Surviving Medical Practice After Workplace Upheaval

Melissa Walton-Shirley, MD


December 15, 2016

Over a year ago I stared into a mirror and asked myself a hard question. How much will you sacrifice to be happy practicing medicine? The comfort of lying on a pillow next to your husband? The opportunity to hold the hand of your parents if they become ill again? The company of an excellent partner, friend, and practitioner? Could I move away from my church, best friend, brother, and beautiful in-laws and leave behind a practice of thousands of patients that we had built over the past 3 decades? Staying put would require that I accept a position that didn't meet the goals and priorities my partner and I established when we set up our practice. I did a lot of praying and soul searching, and for the first time in my life, I began to understand on some small scale what the word sacrifice could really mean. I quit my practice and moved to a new state to begin again.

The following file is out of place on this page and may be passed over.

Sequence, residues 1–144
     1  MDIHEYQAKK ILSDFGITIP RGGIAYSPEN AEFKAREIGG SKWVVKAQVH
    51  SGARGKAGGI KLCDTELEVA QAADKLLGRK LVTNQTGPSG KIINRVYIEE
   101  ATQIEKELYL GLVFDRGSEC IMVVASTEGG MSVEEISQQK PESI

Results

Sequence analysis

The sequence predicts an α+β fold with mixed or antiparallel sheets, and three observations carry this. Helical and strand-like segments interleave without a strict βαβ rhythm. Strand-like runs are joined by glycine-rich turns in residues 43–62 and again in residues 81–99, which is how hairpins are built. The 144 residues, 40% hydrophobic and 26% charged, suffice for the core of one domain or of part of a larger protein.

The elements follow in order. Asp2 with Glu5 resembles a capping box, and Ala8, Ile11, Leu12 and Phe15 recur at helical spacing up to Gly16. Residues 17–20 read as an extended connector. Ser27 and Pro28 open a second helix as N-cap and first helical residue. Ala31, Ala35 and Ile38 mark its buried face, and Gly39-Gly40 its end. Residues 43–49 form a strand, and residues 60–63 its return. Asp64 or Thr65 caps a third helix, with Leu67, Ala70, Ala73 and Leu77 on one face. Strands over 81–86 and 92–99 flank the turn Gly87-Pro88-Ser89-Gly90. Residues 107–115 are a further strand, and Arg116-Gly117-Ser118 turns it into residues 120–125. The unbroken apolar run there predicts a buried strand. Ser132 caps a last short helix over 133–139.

It's been a long 14-month stretch since I watched my south Central Kentucky home shrink in my rearview mirror. The lump in my throat, a battle between exhilaration and sadness, morphed moment by moment as I left behind the flat rolling farmlands of Kentucky for the soaring green hills of Tennessee. Jack, the first dog I've owned since childhood, a loving and needy 45-lb Labradoodle, was enlisted as my new companion. He stared at me as I drove, head cocked sideways, confused by my vacillating emotions. Behind me lay a huge cardiology practice of loyal patients. I am certain I shed a tear for each and every one of them. They weighed heavily on my decision the night before as I stood beside a conference table where a kind lawyer and an accountant watched as I kissed my wonderful professional partner of 24 years goodbye. Jim is a man who did not deserve to be abandoned by a partner who loves him still. I sent him a birthday basket in March, but I've only spoken to him twice since I left because I could not choke back childish sobs. Last week I managed it. My eyes were wet, but proudly, I did not allow a single tear to slide down my cheek. Perhaps I am healing.